13. Yes, the author of the Free Press article thinks he could be targeted - for the fourth line. But the question the linked article seems to be raising is whether Detroit is willing going to pay him $2.5 million for fourth line, or at that price, would they still be interested? And I wonder if would Detroit pay him any more than the 'Canes will offer, if the spot they would have for him would be on the fourth line? I have a hard time seeing LaRose giving Detroit a discount, while expecting to have less ice time there. If the Free Press article is wrong, and they would consider him for more than fourth line, then the money may make more sense, but that's not what it said. It looks like the Free Press article just looked at what he made this past season, how well he played, and thought Detroit should take a look at him at that price - not considering he isn't likely to sign now at that same price.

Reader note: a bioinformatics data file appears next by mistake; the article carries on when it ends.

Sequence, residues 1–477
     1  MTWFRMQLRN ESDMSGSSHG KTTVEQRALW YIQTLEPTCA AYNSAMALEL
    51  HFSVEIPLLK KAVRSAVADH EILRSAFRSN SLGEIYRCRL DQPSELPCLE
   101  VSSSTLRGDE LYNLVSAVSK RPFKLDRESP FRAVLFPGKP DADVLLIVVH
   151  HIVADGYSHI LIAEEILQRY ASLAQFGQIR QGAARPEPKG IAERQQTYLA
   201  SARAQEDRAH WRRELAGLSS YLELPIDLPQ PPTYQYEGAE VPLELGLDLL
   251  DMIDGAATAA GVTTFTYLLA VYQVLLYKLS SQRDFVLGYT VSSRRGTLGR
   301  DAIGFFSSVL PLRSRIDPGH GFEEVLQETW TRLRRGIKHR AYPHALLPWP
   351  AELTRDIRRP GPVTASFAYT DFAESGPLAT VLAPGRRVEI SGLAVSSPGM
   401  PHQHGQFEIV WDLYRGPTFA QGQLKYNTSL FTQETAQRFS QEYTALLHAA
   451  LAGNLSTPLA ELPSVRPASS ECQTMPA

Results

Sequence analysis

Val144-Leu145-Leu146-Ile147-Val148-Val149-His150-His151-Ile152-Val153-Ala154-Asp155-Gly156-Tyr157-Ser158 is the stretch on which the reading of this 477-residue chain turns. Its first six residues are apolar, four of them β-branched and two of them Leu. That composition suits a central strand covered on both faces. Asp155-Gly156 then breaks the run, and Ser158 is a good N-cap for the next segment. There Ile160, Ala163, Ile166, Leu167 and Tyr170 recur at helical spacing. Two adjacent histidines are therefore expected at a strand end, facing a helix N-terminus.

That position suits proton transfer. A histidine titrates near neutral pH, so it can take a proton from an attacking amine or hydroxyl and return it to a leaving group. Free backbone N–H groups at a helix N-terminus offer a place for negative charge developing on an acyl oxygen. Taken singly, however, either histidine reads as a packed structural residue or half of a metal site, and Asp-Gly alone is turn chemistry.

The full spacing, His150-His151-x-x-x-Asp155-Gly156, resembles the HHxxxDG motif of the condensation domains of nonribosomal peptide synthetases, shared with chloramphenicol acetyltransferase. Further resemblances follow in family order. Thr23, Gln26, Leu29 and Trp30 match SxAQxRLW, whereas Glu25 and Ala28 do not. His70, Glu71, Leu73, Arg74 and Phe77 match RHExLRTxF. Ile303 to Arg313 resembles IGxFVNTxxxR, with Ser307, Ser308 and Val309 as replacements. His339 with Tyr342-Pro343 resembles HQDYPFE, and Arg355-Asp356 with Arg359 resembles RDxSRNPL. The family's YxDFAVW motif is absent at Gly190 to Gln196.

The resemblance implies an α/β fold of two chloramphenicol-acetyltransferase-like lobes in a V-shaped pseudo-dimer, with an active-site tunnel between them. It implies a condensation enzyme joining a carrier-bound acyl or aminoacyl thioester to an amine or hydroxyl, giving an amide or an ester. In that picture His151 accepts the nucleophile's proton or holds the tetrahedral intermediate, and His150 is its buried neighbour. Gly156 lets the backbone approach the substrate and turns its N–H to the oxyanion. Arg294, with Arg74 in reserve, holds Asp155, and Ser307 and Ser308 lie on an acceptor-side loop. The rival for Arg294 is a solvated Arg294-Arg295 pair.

14. For anyone who didn't hear it, Cole was on 850 yesterday, and discussed a range of things (from the "handshake controversy" to Aaron Ward to the Yankees), as well as the status with contract talks. Regarding that, he said he hopes things are worked out before July 1, but if not, it doesn't "close the door" on coming back here, it just may take more time to get it done. The next meeting is apparently this weekend, so I guess no news until then. The interview is available here: http://www.850thebuzz.com/blog/
  15. Isn't the linked article (blog?) regarding LaRose and Detroit actually explaining why the players (including LaRose) listed by the Detroit Free Press as potential "targets" aren't likely to end up in Detroit? The premise seems to be that the Free Press list ignored what the players would be able to demand: "But the problem involving almost every player listed is simple: they've had the kinds of seasons which merit $2-3 million salaries for grinding players in early July." The Detroit Free Press includes LaRose, with this description: Winger Chad LaRose, who brought the Stanley Cup to his hometown of Fraser in 2006, would be a good addition to the Wings' fourth line. He has nice dashes of grit and scoring touch. The article seems to be saying that he may be able to get $2.5 million plus from someone, but it's unlikely to be Detroit - especially to fill a cheap fourth-line grinder role, which is basically where the Free Press pegs him.